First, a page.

That’s often my approach in the kitchen. I gravitate to recipes with a handful of well chosen ingredients prepared in a fairly straightforward way. Not out of laziness (well, not completely out of laziness), but more in keeping with my generally minimalist approach to life. Simple is good. Still, when I stumbled across a recipe for Spaghetti a Cacio e Pepe (Spaghetti with Pecorino Romano and Pepper), it seemed almost too simple, even for me.
It has just four ingredients, and two of those are salt and pepper. But pepper isn’t merely a seasoning here, it’s a co-star. And that makes all the difference. I found this beautifully simple dish in Cooking the Roman Way: Authentic Recipes from the Home Cooks and Trattorias of Rome. (This is the second Roman cookbook Marion has given me now – I’m seeing a trip to Rome in our future.) It features more than 100 recipes, from antipasti to dolce, gathered from “scores of chefs, bakers, butchers, delicatessen men, homemakers, friends, relatives and colleagues.”
As someone who spends way too much time in museums, I have trouble separating the word Roman from the modifier “ancient.” Author David Downie skillfully captures the mix of history and the now that is Rome today, aided by beautiful photography by his photographer wife Alison Harris.
Even as I cooked the four-ingredient pasta dish that is apparently served at homes and trattorias all over Rome, I was skeptical that it could hold our interest for an entire meal. I needn’t have worried – yes, it was simple, but it was also simply delicious. Uncomplicated, rustic comfort food balanced with a lively, peppery kick.
In America, we tend to think of pasta dishes as the main event of the meal. In Italy, they’re often considered primi piatti (first plates), something to be served before the secondi, the second or main course. When I made spaghetti with pecorino romano and pepper for us, I served it with a simple salad, as a lively, satisfying vegetarian dinner. You could also use smaller portions as a side dish that just might outshine your entrée.
Spaghetti with Pecorino Romano and Pepper
Adapted from Cooking the Roman Way
Serves 2 as a main course
8 ounces dry spaghetti (see Kitchen Notes)
3/4 cup freshly grated Pecorino Romano, divided (see Kitchen Notes)
1-1/2 teaspoons freshly ground black pepper, plus extra (see Kitchen Notes)
Start a large pot of lightly salted water to boil. When it comes to a rolling boil, cook spaghetti to al dente according to package directions, stirring frequently to keep it from clumping together. Reserve about a half cup of the pasta water. Drain the pasta quickly, returning it still dripping to the cooking pot.
Sprinkle half the Pecorino Romano and all of the ground black pepper over the pasta, along with 2 tablespoons of the reserved pasta water (see Kitchen Notes). Toss with wooden spoons to coat pasta evenly with cheese and pepper.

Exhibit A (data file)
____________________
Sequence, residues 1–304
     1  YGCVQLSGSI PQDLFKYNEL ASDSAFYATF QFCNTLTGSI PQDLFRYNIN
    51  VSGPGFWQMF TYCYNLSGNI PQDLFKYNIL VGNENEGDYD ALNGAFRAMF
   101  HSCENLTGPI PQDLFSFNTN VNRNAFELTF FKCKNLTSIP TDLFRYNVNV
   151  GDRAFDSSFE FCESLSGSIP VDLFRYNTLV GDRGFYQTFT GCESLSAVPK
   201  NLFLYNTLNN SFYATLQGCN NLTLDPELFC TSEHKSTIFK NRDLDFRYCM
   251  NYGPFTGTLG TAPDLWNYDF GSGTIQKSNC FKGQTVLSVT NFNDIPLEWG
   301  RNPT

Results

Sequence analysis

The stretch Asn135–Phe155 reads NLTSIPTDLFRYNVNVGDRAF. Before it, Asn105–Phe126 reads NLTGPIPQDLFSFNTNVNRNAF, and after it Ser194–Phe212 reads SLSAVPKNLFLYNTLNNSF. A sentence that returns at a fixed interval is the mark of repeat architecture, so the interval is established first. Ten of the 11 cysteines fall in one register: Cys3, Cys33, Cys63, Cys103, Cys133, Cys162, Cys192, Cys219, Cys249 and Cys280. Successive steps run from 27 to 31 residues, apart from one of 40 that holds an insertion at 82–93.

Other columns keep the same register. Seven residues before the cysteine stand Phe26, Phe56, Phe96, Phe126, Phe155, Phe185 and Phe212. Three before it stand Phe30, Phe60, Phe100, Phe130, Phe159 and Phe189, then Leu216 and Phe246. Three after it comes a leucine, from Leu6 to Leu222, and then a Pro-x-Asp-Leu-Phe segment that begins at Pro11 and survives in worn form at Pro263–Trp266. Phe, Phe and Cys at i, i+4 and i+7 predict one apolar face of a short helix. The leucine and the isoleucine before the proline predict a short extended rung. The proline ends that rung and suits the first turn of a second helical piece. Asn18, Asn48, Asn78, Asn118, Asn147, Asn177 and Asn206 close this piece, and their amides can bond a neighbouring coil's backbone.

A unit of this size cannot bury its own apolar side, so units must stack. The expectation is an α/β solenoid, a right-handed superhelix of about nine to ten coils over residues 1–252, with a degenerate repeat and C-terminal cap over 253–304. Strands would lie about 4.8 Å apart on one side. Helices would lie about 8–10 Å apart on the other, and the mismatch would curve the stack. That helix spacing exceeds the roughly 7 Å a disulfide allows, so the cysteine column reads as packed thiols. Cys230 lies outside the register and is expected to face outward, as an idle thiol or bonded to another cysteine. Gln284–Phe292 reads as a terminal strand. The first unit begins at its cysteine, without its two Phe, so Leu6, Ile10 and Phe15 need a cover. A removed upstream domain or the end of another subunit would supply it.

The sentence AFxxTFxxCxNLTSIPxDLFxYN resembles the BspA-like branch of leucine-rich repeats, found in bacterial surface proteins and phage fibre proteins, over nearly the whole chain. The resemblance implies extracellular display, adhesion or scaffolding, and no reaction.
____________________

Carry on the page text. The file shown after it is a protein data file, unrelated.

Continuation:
Divide between two pasta bowls. Grind additional black pepper over the plates to give it a nice freckled look. Sprinkle remaining Pecorino Romano over the plates. Serve.
Yes, spaghetti. There are lots of pasta shapes out there, and spaghetti often gets relegated to the kids’ table. It’s perfect for this dish, slender enough to not overpower the cheese and pepper the way a broader pasta might and sturdy enough to stand up to the vigorous tossing at the end. It also has a nice mouth feel here.
Buy good cheese. When a dish has only four ingredients, an inferior one can’t hide. Look for good quality Italian Pecorino Romano, preferably aged. You can also substitute Parmigiano-Reggiano, again Italian and good quality. Don’t come anywhere near this dish with pre-grated cheese. Seriously.
Don’t skimp on the pepper. If you or any of your diners don’t like pepper, don’t make this dish. Pepper drives it, giving it a more fiery kick than we generally expect from plain old black pepper and keeping the dish interesting until you’re fighting over the last few noodles in the pot. So use lots. I normally like to grind my pepper on the coarse side; for this dish, grind it a little finer (but not as fine as the store-ground stuff, which you also shouldn’t be using).
The reserved water is vital. Again, when cooking this, I was skeptical. There was no oil to coat the pasta; once the cheese melted, I expected it to clump together into a ball. Having the pasta still dripping when I returned it to the pot and adding some reserved pasta water as I tossed it kept everything nice and loose. Two tablespoons did it for me – add extra a little at a time, if needed.
Hungry for more Rome? Check out Pasta and Chickpeas, another deliciously rustic Roman pasta dish from that other Roman cookbook.
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